The defeat for Romney was especially bitter for some in Michigan, as the candidate is a native of Bloomfield Hills and the son of former governor George Romney, who served from 1963 to 1969.

Early returns in the state, after Oakland County became the first county to report its results, were promising for Romney. But strong turnout among younger voters and minority voters and Obama’s support for the auto bailout gave him an edge in the state, where he ultimately won by 5 percent according to the Associated Press.

The call marked the sixth consecutive presidential election in which Michigan went Democratic, dating back to former President Bill Clinton’s victory in the state in the 1992 presidential election.

In Wood County, a critical district in Ohio, the election was particularly close, with Obama winning by less than 3,000 votes out of about 60,000 ballots cast.

Though the chairs of the county Democratic Party and Republican Party said before the election they anticipated that the county would likely be closely contested, students at Bowling Green State University in Wood County seemed to favor Obama.

BGSU undergraduate student and Romney supporter Paige Pitts, said she found the liberal bias of her peers frustrating.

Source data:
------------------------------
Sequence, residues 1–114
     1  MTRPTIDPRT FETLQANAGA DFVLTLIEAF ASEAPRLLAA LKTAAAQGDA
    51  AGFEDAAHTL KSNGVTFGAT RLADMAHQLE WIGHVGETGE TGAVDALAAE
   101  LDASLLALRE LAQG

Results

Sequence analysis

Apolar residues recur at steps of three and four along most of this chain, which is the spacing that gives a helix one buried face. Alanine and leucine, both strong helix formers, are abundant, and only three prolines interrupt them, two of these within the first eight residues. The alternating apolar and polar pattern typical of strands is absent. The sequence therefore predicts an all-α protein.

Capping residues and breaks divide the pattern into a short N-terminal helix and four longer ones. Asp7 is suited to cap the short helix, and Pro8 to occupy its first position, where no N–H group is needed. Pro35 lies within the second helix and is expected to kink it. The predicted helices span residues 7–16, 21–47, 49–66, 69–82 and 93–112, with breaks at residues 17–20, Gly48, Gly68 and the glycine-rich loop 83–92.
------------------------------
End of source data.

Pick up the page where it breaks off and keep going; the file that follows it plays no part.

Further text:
"It was really upsetting," Pitts said. "I feel like my age group is such a moldable time, and the fact that it was so biased made me really upset."

Just as he did four years ago, Obama swept to victory with the help of high turnout among youth, African American and Latino voters.

Rather than directing efforts and funding toward television advertisements as the Romney campaign did, Obama focused on get-out-the-vote efforts to secure the presidency, according to Aaron Kall, director of the University of Michigan debate program.

“The turnout was probably the most important factor,” Kall said. “The (Obama campaign’s) get-out-the-vote effort was excellent, starting with the early voting.”

Obama will now return to the White House with the task of implementing the Affordable Care Act, continuing the economic recovery and ending the war in Afghanistan amid a host of other initiatives that will require bipartisan support, especially since Republicans maintained control of the U.S. House of Representatives, despite Democratic gains in the U.S. Senate.

After celebrating at the election night rally here, attendees said they expect the president to continue rebuilding the country moving forward.

“(In 2008), we had no direction — we were headed down to the pits of hell, let’s say that,” Washington, D.C. resident Clint McPherson said. “I’m more excited now because we’re going somewhere. We’re going somewhere.”

When Montgomery, the Chicago resident who danced in the aisle, paused to reflect on what the election meant for the country, he said Obama’s re-election will change the course of the country’s history.

“This is a referendum on two views of what the country should be, and it’s very clear, not by just by the fact that the president won, that the American people want to move this country forward in the way that Obama describes,” he said. “I think that’s the bottom line.”

Daily Staff Reporter Alicia Adamczyk contributed reporting from Bowling Green, Ohio. The Associated Press also contributed reporting.